Battery charging tutorial-Part 1
18 Apr 2022

Current battery charging technology relies on microprocessors (computer chips) to recharge; using 3 stages (or 2 or 4 stages) regulated charging. These are the "smart chargers", and quality units generally are not found in discount stores. The three stages or steps in lead/acid battery charging are bulk, absorption, and float. Qualification or equalization is sometimes considered another stage. A 2 stage unit will have bulk and float stages. It is important to use battery manufacturer's recommendations on charging procedures and voltages, or a quality microprocessor controlled charger to maintain battery capacity and service life.

The "smart chargers" are profiled with contemporary charging philosophy in mind, and also take information from the battery to provide maximum charge benefit with minimum observation. Some gel cell and AGM batteries may require special settings or chargers. Our units are selected for their suitability on the battery types they specify. Gel batteries generally require a specific charge profile and a gel specific or gel selectable or gel suitable charger is called for. The peak charging voltage for Gel batteries is 14.1 or 14.4 volts, which is lower than a wet or AGM type battery needs for a full charge. Exceeding this voltage in a Gel battery can cause bubbles in the electrolyte gel, and permanent damage.

Most battery manufacturers recommend sizing the charger at about 25% of the battery capacity (ah = amp hour capacity). Thus, a 100 ah battery would take about a 25 amp charger (or less). Larger chargers may be used to decrease charge time , but may decrease battery life. Smaller chargers are fine for long term floating, eg a 1 or 2 amp "smart charger" can be used for battery maintenance between higher amp cycle use. Some batteries specify 10% of capacity (.1 XC) as the charge rate, and while this doesn't hurt anything, a good microprocessor charger of the appropriate charge profile should be fine up to the 25% rate. You talk to different engineers, even at the same company, you get different answers.

Three Stage Battery Charging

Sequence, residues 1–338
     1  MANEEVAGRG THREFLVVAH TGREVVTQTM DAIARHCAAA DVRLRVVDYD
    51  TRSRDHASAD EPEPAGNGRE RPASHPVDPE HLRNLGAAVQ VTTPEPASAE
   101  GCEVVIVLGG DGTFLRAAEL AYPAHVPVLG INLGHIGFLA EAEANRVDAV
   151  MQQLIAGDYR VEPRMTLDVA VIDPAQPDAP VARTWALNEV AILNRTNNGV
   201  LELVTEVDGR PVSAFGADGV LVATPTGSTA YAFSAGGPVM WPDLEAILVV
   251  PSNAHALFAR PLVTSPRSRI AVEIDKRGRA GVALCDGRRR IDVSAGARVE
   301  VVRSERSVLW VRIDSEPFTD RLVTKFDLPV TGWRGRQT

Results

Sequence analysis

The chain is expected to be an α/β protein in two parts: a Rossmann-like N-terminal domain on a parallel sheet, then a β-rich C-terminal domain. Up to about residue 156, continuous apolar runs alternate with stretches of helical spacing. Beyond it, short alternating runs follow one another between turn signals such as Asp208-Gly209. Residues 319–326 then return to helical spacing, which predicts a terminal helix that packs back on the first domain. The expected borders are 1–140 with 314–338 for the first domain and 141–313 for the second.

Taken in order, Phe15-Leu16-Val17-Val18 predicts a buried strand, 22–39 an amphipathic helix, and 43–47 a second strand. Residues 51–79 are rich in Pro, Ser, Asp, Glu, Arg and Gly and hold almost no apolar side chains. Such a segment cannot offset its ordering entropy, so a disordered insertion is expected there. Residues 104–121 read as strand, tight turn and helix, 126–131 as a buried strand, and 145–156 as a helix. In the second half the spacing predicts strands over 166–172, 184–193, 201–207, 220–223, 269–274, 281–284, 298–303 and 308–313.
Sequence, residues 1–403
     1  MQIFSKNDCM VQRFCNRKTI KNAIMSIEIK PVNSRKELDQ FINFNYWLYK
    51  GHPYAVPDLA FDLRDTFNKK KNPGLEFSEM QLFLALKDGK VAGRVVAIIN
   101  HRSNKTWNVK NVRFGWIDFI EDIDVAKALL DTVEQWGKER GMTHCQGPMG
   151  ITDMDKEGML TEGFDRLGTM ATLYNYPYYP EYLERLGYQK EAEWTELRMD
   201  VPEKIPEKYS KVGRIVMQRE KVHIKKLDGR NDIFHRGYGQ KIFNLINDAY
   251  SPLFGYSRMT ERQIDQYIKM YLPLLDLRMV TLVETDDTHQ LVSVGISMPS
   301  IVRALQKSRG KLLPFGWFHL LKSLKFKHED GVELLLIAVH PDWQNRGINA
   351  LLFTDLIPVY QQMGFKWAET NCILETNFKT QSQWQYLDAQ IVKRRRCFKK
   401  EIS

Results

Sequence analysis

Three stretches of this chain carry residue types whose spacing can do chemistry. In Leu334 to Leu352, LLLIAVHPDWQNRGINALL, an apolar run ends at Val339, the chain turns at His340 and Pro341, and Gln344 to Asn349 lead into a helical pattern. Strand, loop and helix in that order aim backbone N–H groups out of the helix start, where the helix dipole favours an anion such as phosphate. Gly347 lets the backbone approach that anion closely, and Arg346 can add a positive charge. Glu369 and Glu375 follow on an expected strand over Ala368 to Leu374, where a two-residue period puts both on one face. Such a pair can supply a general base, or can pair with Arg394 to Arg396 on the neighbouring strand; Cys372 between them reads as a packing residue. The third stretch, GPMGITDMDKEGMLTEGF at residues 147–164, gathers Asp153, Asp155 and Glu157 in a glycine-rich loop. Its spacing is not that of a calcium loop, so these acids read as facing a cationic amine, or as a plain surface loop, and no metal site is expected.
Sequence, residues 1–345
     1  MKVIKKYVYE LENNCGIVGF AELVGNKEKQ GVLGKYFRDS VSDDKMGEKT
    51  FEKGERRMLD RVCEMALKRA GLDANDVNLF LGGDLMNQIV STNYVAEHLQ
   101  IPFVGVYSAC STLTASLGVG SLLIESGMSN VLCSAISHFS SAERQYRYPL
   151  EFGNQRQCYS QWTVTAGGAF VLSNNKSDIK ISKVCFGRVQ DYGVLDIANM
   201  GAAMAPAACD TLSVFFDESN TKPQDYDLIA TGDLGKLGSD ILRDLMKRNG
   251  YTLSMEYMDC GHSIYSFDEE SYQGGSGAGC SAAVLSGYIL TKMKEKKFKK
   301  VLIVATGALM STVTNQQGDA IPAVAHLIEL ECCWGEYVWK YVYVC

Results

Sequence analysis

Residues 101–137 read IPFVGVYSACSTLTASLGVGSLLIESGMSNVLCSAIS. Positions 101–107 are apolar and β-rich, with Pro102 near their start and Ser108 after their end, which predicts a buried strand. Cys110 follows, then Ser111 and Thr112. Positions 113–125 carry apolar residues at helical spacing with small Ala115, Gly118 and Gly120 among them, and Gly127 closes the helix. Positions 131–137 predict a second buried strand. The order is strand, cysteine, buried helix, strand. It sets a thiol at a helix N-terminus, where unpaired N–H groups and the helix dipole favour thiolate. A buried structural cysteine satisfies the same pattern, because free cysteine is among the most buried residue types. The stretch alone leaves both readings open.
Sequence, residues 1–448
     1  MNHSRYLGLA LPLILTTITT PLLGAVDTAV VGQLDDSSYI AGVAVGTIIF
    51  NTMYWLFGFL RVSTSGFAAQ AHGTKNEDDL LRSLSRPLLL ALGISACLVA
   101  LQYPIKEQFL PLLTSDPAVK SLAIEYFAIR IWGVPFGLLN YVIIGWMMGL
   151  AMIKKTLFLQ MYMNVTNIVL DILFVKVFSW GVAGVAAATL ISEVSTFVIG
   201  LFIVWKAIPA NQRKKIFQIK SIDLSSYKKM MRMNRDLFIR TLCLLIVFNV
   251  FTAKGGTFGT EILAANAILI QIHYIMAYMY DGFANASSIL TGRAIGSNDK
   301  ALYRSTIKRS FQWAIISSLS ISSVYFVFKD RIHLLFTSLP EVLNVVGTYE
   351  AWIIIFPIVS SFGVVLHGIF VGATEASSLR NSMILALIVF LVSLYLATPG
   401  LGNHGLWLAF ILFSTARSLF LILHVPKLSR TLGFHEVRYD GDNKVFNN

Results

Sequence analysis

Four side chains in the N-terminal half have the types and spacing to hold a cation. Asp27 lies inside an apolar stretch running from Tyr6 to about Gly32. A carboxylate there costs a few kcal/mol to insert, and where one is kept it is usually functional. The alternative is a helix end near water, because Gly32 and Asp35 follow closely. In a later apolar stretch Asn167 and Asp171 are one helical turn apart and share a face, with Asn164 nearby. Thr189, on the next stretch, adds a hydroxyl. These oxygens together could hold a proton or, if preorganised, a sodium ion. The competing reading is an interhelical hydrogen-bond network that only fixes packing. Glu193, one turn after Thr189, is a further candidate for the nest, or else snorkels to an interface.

The BULK stage involves about 80% of the recharge, wherein the charger current is held constant (in a constant current charger), and voltage increases. The properly sized charger will give the battery as much current as it will accept up to charger capacity ( 25% of battery capacity in amp hours), and not raise a wet battery over 125° F, or an AGM or GEL (valve regulated) battery over 100° F.

The ABSORPTION stage (the remaining 20%, approximately) has the charger holding the voltage at the charger's absorption voltage (between 14.1 VDC and 14.8 VDC, depending on charger set points) and decreasing the current until the battery is fully charged. Some charger manufacturers call this absorption stage an equalization stage. We don't agree with this use of the term. If the battery won't hold a charge, or the current does not drop after the expected recharge time, the battery may have some permanent sulphation .

The FLOAT stage is where the charge voltage is reduced to between 13.0 VDC and 13.8 VDC and held constant, while the current is reduced to less than 1% of battery capacity. This mode can be used to maintain a fully charged battery indefinitely.

Recharge time can be approximated by dividing the amp hours to be replaced by 90% of the rated output of the charger. For example, a 100 amp hour battery with a 10 % discharge would need 10 amps replaced. Using a 5 amp charger, we have 10 amp hours divided by 90% of 5 amps (.9x5) amps = 2.22 hour recharge time estimate. A deeply discharged battery deviates from this formula, requiring more time per amp to be replaced.

Recharge frequency recommendations vary from expert to expert. It appears that depth of discharge affects battery life more than frequency of recharge. For example, recharging when the equipment is not going to be used for a while (meal break or whatever), may keep the average depth of discharge above 50% for a service day. This basically applies to battery applications where the average depth of discharge falls below 50% in a day, and the battery can be fully recharged once during a 24 hour period.

If you have any requirements or any kind of query regarding the battery charger solutions, feel free to communicate with our dedicated team at any time at

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